Let Craig Fuller at AOPA know that Peter Weidhorn and Karen Hendra, owner and operator of Eagles Nest appreciate AOPA's response to their call for help. 
I will once again attempt to upload the video I shot Friday at Charleston Executive Airport on Johns Island, SC.  I will first try emailing them directly to Alan.
Greg Stidom
Field Director of Emergency Services
North and South Carolina
(803) 446-6068

Sunday, November 04, 2012

"Modern GA Avionics"

Topic: Modern Avionics in today's general aviation aircraft.
On Saturday, November 17, 2012 at 10:00 AM
GMU - Jet Center Conference Room
Greenville, SC 29607
Select Number:
Join Mr. William Bowen for an in-depth discussion on the current state of advanced avionics in today's general aviation aircraft.  This seminar will focus on pilots transitioning from a steam gauge/six pack cluster environment to a pure digital presentation.  We will also discuss the development of a suitable training program and questions to ask when selecting a flight instructor."
To view further details and registration information for this seminar, click here.
The sponsor for this seminar is: SC FAASTeam
The FAA Safety Team (FAASTeam) is committed to providing equal access to this meeting/event for all participants. If you need alternative formats or services because of a disability, please communicate your request as soon as possible with the person in the "Contact Information" area of the meeting/event notice. Note that two weeks is usually required to arrange services.
The following credit(s) are available for the WINGS/AMT Programs:
Basic Flight 3 - 1 Credit

Click here to view the WINGS help page

Saturday, November 03, 2012

Sabreliner Pilot

Our very own, Dick Hitt got to fly a Sabreliner the other day.  Do you think Dick enjoyed it?  I think so.

Sunday, October 21, 2012

World War II planes to visit GMU

On Friday, Oct. 26, the “Wings of Freedom Tour” will land at the Greenville Downtown Airport (GMU) in South Carolina. The B-24, P-51 and B-17 will be open for tours, as well as available for flights. The vintage airplanes will be at the airport all weekend, leaving Oct. 28.

Expected to be at the airport are the Consolidated B-24 Liberator “Witchcraft” WWII Heavy Bomber, the North American P-51C Mustang “Betty Jane,” and the Boeing B-17 “Nine O Nine.”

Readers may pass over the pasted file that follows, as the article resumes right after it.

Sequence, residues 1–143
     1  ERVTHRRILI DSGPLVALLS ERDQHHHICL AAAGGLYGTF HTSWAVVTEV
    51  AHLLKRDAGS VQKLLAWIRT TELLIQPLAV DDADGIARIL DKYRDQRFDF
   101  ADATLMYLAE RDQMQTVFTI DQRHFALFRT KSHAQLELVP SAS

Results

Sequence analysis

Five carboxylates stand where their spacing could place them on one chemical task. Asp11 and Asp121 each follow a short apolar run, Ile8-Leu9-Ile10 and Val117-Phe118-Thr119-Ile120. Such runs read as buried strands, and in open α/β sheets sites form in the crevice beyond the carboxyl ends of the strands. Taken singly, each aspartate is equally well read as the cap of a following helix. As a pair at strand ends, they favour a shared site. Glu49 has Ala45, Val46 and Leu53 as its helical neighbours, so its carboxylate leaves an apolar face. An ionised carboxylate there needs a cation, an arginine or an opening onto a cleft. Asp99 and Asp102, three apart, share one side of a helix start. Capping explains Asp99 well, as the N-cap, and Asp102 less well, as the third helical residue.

For more information click  here

Monday, October 15, 2012

Why does 100LL cost so much?

General Aviation News

Recently, we received a number of emails concerning the cost of 100LL at various locations, as well as the cost of 100LL vs. Jet A. Obviously, there is still a lot of confusion about this, so I thought I would try to shed some light on the issue.
When crude oil arrives at the refinery, it can contain several hundred different hydrocarbon compounds. Each molecule contains carbon and hydrogen atoms in differing configurations.
The first step is to boil the whole thing and pump it into a distillation column. This is a tall column with differing temperature ranges at each height, with the hottest at the bottom and getting cooler as you go up. Off the top, they pull the Liquefied Petroleum (LP) and butane. The next range is the normal range for gasoline and is called straight run. However, the octane is usually too low to be used directly, so this product goes to catalytic reforming, alkylation, or some other further processing.
The next range of products are called middle distillates, which would be the Jet A and diesel products. These can be used directly off the column with no further processing except sulfur removal. The next heavier range is called heavy distillates, and usually goes to catalytic cracking or bunker fuels. What is left at the bottom of the column can be used for asphalt, coke, or can be burned in the refinery.
To make Jet A, all that is needed is to take the stream off the column, lower the sulfur content and ship it out the gate. They do check to ensure that it meets the requirements of ASTM D-1655, but that is a continuous process.
To make 100LL, they take the alkylate, which is an acid treating process, and redistill it so that it will meet the distillation requirements of ASTM D-910. Each refiner values products differently, but because of its high octane, most value the alkylate at a higher value than other streams — plus the extra distillation increases that cost.
The aviation alkylate is then pumped into a separate tank and 2.0 grams per gallon of lead is added. The cost of the lead and the equipment needed for the injection is very costly. One of the problems is that there is only one plant in the world now producing TEL, so there is no price competition. Another is that because of the health hazards associated with pure TEL, it must be handled in a dedicated system.
The 100LL batch is then tested and if the octane does not meet the 100/130 levels, they must add an expensive component called Toluene concentrate to increase the octane to meet the spec.
Once the batch meets all of the requirements of D-910, it is ready to ship. Here is where the cost continues to go up on the 100LL.
Jet A is shipped in large volumes to all parts of the country through pipelines. For example, the airports in Chicago use about 4 million gallons every day, so all of the terminals have a ready supply.
100LL is a specialty product not because of its lower volume, but because it contains lead. No common carrier pipeline in the US will allow 100LL. This means that it must be shipped by rail or truck. By comparison, it would cost only a few cents to ship 8,000 gallons of Jet A 500 miles, but it would cost about $2,000 to ship the same amount of 100LL.